Two mock sessions of tele-OSCE were trialled prior to OSCE day. The first session was conducted to test the operational flow for each of the four roles involved in each tele-OSCE station: tele-OSCE manager, assessors, simulated actors, and students. The second session was conducted to assure the quality of online communication between assessors, simulated actors, and students, and finalising the tele-OSCE flow. Written feedbacks were informally obtained through emails and iterations to the final tele-OSCE operational flow were made. A briefing session with assessors and standardised actors was also conducted to ensure standardised assessments by the assessors and standardised delivery of performance by the standardised actors during the tele-OSCE to minimise assessment bias. Before the actual tele-OSCE, all involved faculty members and student candidates signed a declaratory form to preserve academic integrity as a deterrent for cheating.
On tele-OSCE day, the OSCE manager, assessors, simulated actors, and students logged online into Microsoft Teams® and entered a virtual room created and titled “Master’s in Clinical Pharmacy Tele-OSCE” 30 min ahead of OSCE start time. All individuals are required to use their University Microsoft Outlook account for this procedure to ease communication and online tracking which was harder to achieve when using an external email (guest) account. Upon instruction, the OSCE manager, assessors, and simulated actors adjourned into an online conference call at designated “stations” which were virtual breakout rooms created on Microsoft Teams®. As scheduled, students received an invitation on Microsoft Teams® to enter the station at predetermined times. Students successfully entering into the OSCE station marked the start of the 15 min allocated for each OSCE task.
The first 2 min required the student to verbally affirm viewing of the tele-OSCE question on the shared screen and for students to prepare necessary information to complete the task. After 2 min have elapsed, the assessor announces the start of interaction with the simulated actor. An indicator was given at minute 8 via the “raise hand” function and an alarm sound. At 12 min, the assessor instructed the student to complete their final sentence and end the task. Verbal formative feedback on the student’s performance of the tasks immediately ensued prior to adjourning. The student was removed from the call at the end of 15 min and the cycle was repeated with the next students according to rotation.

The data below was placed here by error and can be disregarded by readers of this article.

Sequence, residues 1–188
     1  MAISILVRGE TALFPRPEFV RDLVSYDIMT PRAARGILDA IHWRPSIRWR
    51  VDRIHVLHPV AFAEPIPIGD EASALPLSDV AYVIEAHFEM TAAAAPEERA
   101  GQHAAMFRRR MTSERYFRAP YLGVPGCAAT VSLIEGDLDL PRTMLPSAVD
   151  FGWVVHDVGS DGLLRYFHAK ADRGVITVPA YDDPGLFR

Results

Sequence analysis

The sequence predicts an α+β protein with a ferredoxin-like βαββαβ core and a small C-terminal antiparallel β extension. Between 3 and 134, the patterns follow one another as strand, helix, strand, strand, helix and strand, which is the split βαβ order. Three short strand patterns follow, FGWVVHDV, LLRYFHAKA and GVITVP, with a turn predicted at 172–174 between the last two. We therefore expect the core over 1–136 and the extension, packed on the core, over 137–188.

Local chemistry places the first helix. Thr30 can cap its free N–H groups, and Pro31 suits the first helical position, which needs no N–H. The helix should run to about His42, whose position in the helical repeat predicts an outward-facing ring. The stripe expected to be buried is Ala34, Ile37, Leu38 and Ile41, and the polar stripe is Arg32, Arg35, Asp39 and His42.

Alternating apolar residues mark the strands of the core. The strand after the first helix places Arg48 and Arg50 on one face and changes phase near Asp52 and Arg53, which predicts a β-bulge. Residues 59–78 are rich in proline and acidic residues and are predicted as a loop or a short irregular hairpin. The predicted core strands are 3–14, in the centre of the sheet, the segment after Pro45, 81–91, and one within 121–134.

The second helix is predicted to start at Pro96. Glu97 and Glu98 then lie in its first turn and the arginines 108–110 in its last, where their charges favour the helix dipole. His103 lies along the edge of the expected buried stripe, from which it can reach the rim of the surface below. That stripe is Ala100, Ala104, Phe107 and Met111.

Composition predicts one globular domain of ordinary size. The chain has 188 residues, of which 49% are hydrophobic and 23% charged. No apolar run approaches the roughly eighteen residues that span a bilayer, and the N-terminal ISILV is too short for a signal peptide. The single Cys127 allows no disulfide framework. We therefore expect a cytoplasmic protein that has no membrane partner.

Feedback and Performance Analyses
At the end of the session, online links to two sets of surveys were uploaded to the Microsoft Teams®. Students were asked to complete the survey on experience, ease of use, and acceptability of the tele-OSCE. The academic faculty and simulated actors were asked to complete the survey on ease of participation in the tele-OSCE, and ease in assessing or responding to the students. The survey employed a 5-point Likert scale (1 = strongly agree, 2 = agree, 3 = neutral, 4 = disagree, 5 = strongly disagree). The settings on the online survey form were adjusted to disallow submission if the survey was incompletely filled. Students’ performance during the tele-OSCE was taken as the scores obtained from each station and converted into percentages (%). The mean scores were calculated for each station and compared with scores attained during face-to-face OSCE in the previous semester. An independent t-test was conducted using IBM Statistical Package for the Social Sciences (SPSS) version 24.0 after normality testing revealed a normal data distribution.
This study was a part of the end of semester routine course evaluation undertaken to enhance teaching–learning activities and was exempt from requiring approval from the institutional research ethics committee. Prior to attempting the online survey, respondents were made aware that completion of the survey constitutes giving informed consent on the use of information and future intended publication. All data were treated confidentiality and anonymously.